Letters in response to Put two and two together, by Elizabeth Carson, Op-Ed, the New York Daily News, October 16, 2006.
Chester, N.Y.: Re Elizabeth Carson's Oct. 16 Everyday Math Op-Ed piece: Don't credit Everyday Math for the 75% third-grade passing rate. My third-graders scored very well on the state test without using the inadequate Everyday Math. Are there any other public school third-grade teachers willing to join me in telling the truth?
Roseanne McCosh, PS 8
Manhattan: Re "Put two and two together" (Oct. 16): Not only are test scores bad, but the exams themselves are shockingly weak, making one wonder what it means these days to "perform at grade level." You'd think that an eighth-grader should be able to add fractions with different denominators, but try to find such a question on the exam and you'd be out of luck.
Mathematics professor, NYU
Woodland Hills, Calif.: Congratulations to Elizabeth Carson for telling it like it is ("Put two and two together," Opinions, Oct. 16). As a California teacher, I'm gratified to see reason prevail at the state level in rejecting Everyday Math and other such misguided programs. Brave voices such as Carson's wake us up to the fact that in order for math to be learned, it must be taught.
Brooklyn: Elizabeth Carson is 100% correct ("Put two and two together," Opinions, Oct. 16). We need the fundamentals of math to be taught. We need textbooks for all subjects and all grades. We need spelling to be put back into the curriculum. Our schools were once known for producing educated people. They can be again, if Mayor Bloomberg realizes his mistake in appointing Joel Klein chancellor.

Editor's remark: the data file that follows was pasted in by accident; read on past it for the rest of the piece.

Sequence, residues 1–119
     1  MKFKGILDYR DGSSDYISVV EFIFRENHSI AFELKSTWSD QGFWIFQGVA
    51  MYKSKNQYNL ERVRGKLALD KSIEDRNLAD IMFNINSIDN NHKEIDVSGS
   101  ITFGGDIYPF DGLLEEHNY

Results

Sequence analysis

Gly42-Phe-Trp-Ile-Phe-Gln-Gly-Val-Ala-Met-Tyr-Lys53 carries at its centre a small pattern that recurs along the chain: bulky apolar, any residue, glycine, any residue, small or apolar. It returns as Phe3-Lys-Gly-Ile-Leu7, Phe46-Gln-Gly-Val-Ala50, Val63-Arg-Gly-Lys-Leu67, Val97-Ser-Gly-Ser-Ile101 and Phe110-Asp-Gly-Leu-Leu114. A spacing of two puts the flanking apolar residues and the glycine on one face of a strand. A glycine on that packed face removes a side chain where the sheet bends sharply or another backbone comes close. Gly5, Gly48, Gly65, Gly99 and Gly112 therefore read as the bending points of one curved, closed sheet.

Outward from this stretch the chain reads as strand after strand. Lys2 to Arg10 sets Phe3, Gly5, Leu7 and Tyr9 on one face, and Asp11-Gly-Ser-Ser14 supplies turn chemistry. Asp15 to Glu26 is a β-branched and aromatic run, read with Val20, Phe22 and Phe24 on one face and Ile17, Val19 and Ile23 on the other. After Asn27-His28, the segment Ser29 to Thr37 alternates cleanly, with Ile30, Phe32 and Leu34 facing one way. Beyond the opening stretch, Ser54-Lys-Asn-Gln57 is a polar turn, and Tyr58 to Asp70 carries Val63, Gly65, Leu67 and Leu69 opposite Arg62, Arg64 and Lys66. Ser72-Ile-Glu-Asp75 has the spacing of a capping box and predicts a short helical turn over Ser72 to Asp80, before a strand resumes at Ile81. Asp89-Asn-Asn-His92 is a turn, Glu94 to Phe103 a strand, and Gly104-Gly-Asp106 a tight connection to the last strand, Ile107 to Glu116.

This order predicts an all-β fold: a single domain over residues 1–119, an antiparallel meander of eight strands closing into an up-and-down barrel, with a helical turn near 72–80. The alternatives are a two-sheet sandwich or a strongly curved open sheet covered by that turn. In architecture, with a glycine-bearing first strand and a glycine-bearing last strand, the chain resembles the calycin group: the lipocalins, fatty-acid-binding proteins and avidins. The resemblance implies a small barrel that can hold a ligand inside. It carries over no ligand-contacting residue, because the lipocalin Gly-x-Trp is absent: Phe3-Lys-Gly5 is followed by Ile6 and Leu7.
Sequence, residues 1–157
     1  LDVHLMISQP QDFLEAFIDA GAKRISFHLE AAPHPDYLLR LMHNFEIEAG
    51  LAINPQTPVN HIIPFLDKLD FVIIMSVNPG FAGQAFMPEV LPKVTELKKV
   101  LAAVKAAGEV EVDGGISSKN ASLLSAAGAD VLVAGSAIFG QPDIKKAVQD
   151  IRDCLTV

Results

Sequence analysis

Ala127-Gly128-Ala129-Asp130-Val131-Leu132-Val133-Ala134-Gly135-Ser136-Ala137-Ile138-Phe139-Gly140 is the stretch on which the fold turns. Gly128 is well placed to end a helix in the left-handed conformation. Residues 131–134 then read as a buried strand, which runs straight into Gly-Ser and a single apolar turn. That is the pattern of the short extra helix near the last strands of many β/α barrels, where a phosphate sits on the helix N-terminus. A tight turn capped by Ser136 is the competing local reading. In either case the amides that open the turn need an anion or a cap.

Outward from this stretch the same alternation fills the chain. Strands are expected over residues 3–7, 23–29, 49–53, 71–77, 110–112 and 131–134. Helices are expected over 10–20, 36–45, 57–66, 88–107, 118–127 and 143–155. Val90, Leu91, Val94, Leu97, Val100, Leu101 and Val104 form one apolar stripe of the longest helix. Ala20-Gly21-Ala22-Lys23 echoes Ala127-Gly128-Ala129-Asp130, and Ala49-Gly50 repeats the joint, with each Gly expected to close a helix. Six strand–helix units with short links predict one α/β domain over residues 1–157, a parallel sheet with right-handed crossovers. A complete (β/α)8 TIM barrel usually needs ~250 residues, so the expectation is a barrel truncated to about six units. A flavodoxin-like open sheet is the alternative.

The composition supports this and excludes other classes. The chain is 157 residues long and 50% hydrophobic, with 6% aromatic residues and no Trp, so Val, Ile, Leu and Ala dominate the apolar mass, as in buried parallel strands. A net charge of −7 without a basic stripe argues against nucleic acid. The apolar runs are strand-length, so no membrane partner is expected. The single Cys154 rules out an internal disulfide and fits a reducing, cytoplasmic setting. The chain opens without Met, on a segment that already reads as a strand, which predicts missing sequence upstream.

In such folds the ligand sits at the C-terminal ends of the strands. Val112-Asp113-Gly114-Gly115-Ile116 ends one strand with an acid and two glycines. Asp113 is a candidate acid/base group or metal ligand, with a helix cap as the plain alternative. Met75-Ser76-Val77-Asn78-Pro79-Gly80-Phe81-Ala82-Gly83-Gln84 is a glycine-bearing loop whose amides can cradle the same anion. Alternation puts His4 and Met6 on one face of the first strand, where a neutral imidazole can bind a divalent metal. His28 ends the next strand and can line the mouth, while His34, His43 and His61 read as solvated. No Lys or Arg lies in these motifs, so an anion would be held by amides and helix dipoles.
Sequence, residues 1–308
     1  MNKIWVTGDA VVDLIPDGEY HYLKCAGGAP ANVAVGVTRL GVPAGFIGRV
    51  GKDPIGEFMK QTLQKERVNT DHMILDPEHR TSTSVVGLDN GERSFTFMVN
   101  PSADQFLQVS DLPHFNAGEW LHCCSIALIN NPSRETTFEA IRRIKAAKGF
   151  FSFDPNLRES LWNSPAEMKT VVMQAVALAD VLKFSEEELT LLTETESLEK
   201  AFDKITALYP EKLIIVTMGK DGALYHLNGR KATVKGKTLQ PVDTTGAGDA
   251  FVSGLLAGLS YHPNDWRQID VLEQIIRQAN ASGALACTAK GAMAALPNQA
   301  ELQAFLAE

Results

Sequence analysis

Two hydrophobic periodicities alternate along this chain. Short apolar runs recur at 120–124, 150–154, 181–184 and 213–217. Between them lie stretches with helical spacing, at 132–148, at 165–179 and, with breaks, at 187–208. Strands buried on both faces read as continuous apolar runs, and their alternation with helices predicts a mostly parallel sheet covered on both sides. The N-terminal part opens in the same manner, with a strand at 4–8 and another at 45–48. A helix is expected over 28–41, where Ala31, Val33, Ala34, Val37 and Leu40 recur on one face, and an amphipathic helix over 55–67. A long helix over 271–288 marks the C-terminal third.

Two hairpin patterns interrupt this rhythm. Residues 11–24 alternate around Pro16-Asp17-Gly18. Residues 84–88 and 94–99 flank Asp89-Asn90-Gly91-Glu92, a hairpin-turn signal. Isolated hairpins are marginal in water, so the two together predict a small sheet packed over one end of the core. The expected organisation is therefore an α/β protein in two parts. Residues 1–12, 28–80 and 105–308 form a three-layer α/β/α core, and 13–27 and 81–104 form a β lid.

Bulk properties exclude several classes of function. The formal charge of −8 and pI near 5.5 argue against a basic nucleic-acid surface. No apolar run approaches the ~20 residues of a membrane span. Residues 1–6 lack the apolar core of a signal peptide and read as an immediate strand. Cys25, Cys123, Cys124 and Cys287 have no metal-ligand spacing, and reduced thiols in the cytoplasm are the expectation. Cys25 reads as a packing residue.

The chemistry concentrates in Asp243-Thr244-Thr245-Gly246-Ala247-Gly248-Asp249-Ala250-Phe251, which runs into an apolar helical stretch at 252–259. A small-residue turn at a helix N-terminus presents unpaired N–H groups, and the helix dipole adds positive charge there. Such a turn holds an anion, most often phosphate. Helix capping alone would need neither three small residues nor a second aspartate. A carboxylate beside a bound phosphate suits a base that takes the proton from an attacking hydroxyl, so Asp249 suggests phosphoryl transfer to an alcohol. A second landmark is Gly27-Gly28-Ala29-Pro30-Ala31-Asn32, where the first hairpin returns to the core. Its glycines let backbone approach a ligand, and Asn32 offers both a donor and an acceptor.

Chicago: As an author of Everyday Mathematics, I want to set the record straight about mathematics achievement in New York public schools. That record was seriously distorted in Elizabeth Carson's Oct. 16 Opinions article, "Put two and two together." This is no surprise, as Carson is co-founder and executive director of a group that opposes using Everyday Mathematics no matter how good its results. Scores on the state test tend to vary from year to year. Some years the test is harder than other years. Last year, for example, the test seemed to be a bit easier than usual; this year's test seems to be a bit harder than usual. Scores are up substantially in N.Y.C. since Everyday Math has been the uniform curriculum, and no amount of spinning from Carson can change that fact.
Senior Research Associate University of Chicago
Whitestone: To Voicer Andy Isaacs: The current math curriculum is absurd. My son has never been taught the multiplication table - forget division. Instead of contributing research from Chicago, set foot in a New York City public school and you'll find a lot of parents who agree that math basics should be taught instead of focusing on tally marks.
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